Can Paying Firms Quicker Affect Aggregate Employment?
In 2011, the federal government accelerated payments to their small business contractors, spanning virtually every county and industry in the US. We study the impact of this reform on county-sector employment growth over the subsequent three years. Despite firms being paid just 15 days sooner, we find payroll increased 10 cents for each accelerated dollar, with two-thirds of the effect coming from an increase in new hires and the balance from an increase in earnings. Importantly, however, we document substantial crowding out of non-treated firms employment, particularly in counties with low rates of unemployment. Our results highlight an important channel through which financing constraints can be alleviated for small firms, but also emphasize the general-equilibrium effects of large-scale interventions, which can lead to a substantially lower net impact on aggregate outcomes.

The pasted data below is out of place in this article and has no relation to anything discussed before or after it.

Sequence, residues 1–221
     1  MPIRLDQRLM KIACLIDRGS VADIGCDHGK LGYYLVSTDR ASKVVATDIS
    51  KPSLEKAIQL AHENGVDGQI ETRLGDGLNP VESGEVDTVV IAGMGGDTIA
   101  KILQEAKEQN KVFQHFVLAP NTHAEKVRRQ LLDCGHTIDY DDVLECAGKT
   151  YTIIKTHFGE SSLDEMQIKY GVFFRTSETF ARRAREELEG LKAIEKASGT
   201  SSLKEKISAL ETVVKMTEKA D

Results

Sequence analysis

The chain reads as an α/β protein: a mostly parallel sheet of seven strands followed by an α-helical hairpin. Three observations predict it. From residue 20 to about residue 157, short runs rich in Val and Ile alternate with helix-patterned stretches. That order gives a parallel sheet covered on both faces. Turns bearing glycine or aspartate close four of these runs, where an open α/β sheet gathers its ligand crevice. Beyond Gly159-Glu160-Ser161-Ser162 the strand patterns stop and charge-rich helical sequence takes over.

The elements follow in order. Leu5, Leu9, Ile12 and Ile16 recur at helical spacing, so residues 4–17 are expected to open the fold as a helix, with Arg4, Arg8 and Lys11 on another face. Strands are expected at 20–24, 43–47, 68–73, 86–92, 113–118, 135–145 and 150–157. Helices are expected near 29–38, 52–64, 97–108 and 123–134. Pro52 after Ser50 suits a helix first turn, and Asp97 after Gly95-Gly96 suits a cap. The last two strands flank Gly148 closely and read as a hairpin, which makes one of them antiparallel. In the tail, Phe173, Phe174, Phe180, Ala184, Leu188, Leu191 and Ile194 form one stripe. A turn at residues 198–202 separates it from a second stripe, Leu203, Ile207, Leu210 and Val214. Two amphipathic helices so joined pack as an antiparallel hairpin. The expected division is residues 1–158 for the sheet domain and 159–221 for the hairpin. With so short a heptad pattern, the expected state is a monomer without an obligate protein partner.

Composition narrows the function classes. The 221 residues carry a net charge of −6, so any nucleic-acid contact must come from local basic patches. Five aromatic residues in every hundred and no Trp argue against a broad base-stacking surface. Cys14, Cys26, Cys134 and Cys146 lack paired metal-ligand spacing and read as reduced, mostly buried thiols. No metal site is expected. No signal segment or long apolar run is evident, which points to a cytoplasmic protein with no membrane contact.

We are grateful to Manuel Adelino, Oriana Bandiera, Nittai Bergman, Hui Chen, Erik Hurst, Erik Loualiche, Karen Mills, Ben Pugsley, David Robinson, Antoinette Schoar, Scott Stern, John Van Reenen, Chris Woodruff, and participants at the NBER Entrepreneurship and Economic Growth Conference, Toulouse School of Economics , MIT Finance lunch, INSEAD, LSE, and Maryland Junior Finance Conference for helpful feedback. We are also grateful to the US Department of Defense for sharing data on the timing of payments from their MOCAS accounting system. Barrot recognizes the support of the Kauffman Foundation Junior Faculty Fellowship and MIT Sloan. Nanda thanks the Division of Research and Faculty Development at HBS for financial support. The views expressed herein are those of the authors and do not necessarily reflect the views of the National Bureau of Economic Research.